TABLE OF CONTENTS

PRINT March 1988

HERE THERE & OTHERWISE

Elsewhere

“UP IN THE AIR,” “all at sea,” “spaced out.” These old (and newer) formulae render the experiences and forfeitures of displacement. In this common parlance, internal, psychic disruption is measured by a preposition—a “state of being-in-place”—paired with a nonland base. While technology has to an extent subdued these unterrestial ethers—air, space, sea—and partly overcome their friction, such clichés identify a fundamental inertia in the (physical) economies of movement. And this despite the booming vectors of data communication. The body, anyway, does not travel like information.

Nowhere has the languidity of the body (the artist, and the new body, the object) been so determined as in the practices of visual Modernism. The body’s underlying drive has been surprisingly localized, domesticized, and finally, in the heyday of abstraction and beyond, made crushingly static—introverted, prepossessed, or transcendental. What was this strange desire for, in Barnett Newman’s words, “a truly abstract world which can be discussed only in metaphysical terms”? Or all that ceaseless contemporaneity, that self-reflection and belly-watching, that constant refinement of means and materials, all those refractory urban bohemias, and imaginative withdrawals, and long-suffering phenomenological assertions? “One has to impoverish one’s mind,” “get down to . . . some kind of blankness,” said Carl Andre. For what?

Not that we need some reactionary rappel à l’ordre, such as that proffered by Charles Jencks in his gratuitously reclassicizing Post-Modernism (1987). And there can be no more Flauberts in Egypt or Holman Hunts in the Holy Land. These gallant pastnesses cannot simply be retrieved or relived. For, under the dispensation of the Modern, representation became hermetic and analytical (Cubism), life was stilled; everything was mediated, imaged, and subjected to the controls of form and the immediacy of self.

Or so it was by and large for the School of Paris, whose furled esthetic is epitomized in Henri Matisse’s easy quietism, in the kind of armchair restraint that had him fend off the “euphoria” of his trip to Tahiti in 1930 by deliberately conjuring “visions of Provence.” The bottom line for the “imaginative” (Modern) artist in Matisse’s view was that (his) “complete development” could only be attained “on the soil where he is born.” Don’t move. Slow down.

Though a hard-core mentalist just the same, Jean Dubuffet was at the other extreme of the introspection of modernity: he willed the eradication of difference for the sake of a subliminal “fantasmagoric irreality.” “Every place, for my eyes, [is] equal to every other—I see little use in traveling.” “My operation is to erase all categories and regress toward an undifferentiated continuum.” Anal eyes.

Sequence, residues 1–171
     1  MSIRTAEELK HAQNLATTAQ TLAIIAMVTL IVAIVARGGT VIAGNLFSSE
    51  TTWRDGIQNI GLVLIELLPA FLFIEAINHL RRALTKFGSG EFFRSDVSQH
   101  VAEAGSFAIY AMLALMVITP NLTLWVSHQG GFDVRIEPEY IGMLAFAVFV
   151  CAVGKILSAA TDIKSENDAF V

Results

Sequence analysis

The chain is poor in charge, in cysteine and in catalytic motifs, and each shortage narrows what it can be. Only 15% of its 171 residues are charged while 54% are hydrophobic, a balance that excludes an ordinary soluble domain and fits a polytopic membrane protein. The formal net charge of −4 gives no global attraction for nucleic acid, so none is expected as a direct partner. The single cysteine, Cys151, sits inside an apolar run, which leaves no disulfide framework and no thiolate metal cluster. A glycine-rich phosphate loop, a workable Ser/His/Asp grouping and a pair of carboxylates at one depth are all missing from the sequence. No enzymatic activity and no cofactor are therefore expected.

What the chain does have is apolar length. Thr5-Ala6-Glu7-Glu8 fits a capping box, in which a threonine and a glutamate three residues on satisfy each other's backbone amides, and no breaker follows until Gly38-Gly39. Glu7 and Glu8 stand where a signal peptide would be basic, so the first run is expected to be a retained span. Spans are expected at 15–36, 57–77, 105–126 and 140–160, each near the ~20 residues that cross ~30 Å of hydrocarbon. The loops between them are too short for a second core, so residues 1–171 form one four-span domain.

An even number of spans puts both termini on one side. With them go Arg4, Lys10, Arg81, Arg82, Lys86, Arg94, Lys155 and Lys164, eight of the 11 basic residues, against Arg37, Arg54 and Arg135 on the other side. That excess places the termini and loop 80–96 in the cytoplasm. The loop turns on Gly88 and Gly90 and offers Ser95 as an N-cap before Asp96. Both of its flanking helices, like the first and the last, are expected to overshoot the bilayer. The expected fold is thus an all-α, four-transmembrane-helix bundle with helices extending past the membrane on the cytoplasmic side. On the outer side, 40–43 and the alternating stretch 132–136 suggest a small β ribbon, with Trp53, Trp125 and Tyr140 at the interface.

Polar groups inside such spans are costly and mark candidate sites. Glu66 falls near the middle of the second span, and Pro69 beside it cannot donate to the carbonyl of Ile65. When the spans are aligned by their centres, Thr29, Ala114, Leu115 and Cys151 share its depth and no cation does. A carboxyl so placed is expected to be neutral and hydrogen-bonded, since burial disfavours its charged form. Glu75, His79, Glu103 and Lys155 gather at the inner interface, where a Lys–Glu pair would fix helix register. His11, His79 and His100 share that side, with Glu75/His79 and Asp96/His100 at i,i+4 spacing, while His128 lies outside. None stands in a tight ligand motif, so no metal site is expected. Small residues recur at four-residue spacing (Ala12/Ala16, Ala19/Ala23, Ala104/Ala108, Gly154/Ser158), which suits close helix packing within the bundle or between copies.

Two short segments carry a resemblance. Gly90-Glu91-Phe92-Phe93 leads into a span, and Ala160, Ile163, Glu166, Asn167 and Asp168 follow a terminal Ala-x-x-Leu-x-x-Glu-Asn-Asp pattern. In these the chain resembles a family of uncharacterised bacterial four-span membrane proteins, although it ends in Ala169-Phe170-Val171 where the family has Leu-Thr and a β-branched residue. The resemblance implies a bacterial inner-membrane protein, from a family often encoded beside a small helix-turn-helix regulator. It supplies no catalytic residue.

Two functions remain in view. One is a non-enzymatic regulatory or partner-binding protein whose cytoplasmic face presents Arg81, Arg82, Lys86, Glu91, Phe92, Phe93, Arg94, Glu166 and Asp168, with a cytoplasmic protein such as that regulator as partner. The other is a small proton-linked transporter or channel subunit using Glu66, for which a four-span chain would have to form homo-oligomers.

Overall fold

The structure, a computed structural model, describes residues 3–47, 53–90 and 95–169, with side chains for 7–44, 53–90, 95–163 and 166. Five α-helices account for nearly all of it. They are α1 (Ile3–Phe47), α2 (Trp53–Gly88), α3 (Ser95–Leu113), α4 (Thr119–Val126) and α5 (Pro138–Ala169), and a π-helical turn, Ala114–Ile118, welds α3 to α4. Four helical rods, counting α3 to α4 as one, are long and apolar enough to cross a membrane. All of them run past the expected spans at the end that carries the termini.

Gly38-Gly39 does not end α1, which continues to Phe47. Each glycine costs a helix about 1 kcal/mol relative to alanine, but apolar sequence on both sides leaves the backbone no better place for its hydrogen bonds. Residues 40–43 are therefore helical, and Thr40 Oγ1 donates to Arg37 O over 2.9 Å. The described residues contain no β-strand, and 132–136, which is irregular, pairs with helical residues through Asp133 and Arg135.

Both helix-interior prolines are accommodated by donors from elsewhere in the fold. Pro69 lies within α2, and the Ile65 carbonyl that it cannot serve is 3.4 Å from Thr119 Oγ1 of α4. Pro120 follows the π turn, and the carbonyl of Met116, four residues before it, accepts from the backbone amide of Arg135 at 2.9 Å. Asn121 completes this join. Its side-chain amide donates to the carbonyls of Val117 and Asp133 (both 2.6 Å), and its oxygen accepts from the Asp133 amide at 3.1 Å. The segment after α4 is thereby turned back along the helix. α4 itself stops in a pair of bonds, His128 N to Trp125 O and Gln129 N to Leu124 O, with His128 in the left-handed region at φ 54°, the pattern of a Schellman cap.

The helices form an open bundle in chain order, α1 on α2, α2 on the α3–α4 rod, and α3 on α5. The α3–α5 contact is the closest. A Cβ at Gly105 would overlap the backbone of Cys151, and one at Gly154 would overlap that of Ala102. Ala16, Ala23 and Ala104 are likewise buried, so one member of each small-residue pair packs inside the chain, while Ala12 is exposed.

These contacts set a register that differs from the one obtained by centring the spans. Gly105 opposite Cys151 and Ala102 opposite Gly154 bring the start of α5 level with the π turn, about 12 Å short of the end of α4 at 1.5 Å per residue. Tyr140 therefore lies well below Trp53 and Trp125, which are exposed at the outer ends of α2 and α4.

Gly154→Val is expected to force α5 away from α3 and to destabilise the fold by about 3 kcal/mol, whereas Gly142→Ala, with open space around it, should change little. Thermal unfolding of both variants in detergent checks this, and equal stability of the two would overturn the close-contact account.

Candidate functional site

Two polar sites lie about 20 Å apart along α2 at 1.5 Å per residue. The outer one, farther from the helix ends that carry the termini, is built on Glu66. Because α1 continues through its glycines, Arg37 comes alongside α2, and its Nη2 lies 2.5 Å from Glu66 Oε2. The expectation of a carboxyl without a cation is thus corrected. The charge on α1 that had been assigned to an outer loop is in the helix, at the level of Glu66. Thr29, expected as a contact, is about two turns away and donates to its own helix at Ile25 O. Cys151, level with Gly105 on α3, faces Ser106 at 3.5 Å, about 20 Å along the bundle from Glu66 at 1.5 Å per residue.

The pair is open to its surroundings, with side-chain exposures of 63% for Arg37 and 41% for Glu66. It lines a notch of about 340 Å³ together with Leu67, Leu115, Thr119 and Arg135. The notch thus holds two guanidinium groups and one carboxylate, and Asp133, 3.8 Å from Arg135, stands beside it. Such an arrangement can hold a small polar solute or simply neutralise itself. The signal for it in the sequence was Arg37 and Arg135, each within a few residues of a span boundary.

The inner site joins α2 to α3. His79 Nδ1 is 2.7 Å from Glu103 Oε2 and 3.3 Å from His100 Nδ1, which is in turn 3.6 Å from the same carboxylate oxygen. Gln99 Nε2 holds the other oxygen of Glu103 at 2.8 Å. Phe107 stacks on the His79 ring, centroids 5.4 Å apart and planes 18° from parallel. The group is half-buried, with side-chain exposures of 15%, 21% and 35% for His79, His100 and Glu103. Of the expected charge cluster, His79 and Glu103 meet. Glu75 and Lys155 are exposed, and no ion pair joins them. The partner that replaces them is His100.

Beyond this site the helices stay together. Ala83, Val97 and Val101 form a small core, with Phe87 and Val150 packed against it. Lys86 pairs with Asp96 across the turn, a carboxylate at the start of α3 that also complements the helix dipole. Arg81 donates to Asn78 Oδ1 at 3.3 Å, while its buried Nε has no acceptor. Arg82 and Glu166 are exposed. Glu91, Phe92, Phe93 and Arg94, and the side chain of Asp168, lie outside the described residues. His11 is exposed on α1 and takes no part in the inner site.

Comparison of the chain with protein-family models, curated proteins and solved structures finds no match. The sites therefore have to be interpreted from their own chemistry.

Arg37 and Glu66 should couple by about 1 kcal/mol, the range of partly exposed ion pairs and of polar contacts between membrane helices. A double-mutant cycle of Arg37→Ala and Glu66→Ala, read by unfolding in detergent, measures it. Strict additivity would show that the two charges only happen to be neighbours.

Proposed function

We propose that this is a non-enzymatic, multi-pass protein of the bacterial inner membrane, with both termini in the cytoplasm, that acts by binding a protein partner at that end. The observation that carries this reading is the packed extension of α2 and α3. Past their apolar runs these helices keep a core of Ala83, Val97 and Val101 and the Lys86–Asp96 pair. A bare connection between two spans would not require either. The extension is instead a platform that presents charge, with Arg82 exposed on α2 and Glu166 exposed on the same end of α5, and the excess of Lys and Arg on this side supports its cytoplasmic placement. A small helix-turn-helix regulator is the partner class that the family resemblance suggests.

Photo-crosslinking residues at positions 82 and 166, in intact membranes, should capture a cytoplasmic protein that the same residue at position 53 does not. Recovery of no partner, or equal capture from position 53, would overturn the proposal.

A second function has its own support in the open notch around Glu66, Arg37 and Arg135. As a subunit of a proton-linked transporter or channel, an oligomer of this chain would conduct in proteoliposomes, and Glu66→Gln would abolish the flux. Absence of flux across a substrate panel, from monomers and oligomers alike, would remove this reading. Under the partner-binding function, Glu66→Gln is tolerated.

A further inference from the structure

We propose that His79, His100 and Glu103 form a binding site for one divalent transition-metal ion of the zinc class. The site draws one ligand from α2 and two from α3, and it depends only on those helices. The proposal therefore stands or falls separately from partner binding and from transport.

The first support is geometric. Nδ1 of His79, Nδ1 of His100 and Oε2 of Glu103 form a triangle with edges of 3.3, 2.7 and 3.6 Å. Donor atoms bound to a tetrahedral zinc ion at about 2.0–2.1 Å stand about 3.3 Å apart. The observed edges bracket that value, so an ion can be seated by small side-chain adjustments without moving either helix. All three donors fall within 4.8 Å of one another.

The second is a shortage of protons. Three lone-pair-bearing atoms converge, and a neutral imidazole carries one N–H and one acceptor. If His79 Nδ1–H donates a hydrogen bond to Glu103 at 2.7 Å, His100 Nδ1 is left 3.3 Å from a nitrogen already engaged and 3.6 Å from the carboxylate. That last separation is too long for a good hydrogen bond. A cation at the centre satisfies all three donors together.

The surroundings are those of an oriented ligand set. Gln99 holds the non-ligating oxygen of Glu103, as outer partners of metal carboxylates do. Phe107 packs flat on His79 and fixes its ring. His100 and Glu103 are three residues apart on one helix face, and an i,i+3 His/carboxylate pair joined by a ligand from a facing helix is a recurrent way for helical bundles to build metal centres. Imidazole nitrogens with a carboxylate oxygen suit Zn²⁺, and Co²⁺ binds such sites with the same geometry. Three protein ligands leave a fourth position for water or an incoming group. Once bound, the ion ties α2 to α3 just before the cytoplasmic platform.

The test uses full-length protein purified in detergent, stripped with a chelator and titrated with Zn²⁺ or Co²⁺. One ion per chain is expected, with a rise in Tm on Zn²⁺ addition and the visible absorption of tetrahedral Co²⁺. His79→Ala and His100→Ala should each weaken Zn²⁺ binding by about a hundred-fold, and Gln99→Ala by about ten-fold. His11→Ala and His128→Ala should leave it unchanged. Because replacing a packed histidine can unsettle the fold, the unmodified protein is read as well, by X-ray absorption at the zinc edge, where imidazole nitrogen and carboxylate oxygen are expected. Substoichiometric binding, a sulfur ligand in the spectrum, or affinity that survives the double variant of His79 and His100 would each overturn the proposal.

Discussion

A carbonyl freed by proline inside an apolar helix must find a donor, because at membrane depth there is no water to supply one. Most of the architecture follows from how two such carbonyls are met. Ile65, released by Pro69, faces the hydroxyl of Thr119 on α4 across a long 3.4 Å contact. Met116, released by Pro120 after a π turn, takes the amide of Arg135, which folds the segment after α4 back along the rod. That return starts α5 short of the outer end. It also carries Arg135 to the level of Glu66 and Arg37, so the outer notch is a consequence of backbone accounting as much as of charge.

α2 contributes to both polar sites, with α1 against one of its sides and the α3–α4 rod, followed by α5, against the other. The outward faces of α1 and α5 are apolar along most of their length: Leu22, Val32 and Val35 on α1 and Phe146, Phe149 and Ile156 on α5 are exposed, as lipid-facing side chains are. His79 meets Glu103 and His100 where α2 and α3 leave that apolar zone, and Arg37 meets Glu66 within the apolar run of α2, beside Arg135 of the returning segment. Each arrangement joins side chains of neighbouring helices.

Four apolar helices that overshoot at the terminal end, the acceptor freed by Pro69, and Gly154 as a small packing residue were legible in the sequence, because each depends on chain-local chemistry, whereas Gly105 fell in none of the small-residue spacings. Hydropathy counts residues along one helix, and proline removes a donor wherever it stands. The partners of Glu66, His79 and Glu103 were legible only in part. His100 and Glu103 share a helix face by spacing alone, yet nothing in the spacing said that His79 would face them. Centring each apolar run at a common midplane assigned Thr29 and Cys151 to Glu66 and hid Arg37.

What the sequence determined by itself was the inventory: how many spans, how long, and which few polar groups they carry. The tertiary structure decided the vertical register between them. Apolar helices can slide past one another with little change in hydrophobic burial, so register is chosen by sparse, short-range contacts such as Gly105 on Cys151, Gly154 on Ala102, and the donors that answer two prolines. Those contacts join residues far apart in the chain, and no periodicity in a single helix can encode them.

Modern art is, of course, well-supplied with exiles and émigrés, the literalists of the body’s displacement, engendering a great portage of visions. But their reimaginations were wistful and precious, nostalgic returns to a half-felt place of origination, born in them, submerged in them, and passionately reallocated from memory: “I respond to modern life as an Armenian from Van,” said Arshile Gorky in New York City.

That “other” Modernism of Dada pseudomachines, oneiric Surrealist nonplaces, and allied conjugations of the everyday and the ephemeral—Kurt Schwitters, Robert Rauschenberg, Pop—could be equally and oppositely passive, even fetishistic in its reinscription of the immediate, the transitory, and the at-hand. Both vernacular Modernism and high-brow formalist Modernism alike have spent much of the time clearing their consciences of history and counting (alternative) otherness out of court. Either the mind or the body won’t move. There are no life rafts on the bateau moderniste.

Splash! While Modernism past-the-post has occasionally taken the plunge, the high-flying rhetoric of appropriation offers more in the way of buoyant deconstruction than of radical displacement—much of it is smarter Pop and brawnier conceptualism, still cleaving to the reference system of modernity. Simalacrity/indifference. But much of this closure has already been unsutured, here and there; let’s unpick some more of the stitches.

John Welshman, an art historian and critic, is currently visiting professor in the Department of Art, Design, and Art History at the University of California, Los Angeles. He will contribute this column regularly to Artforum.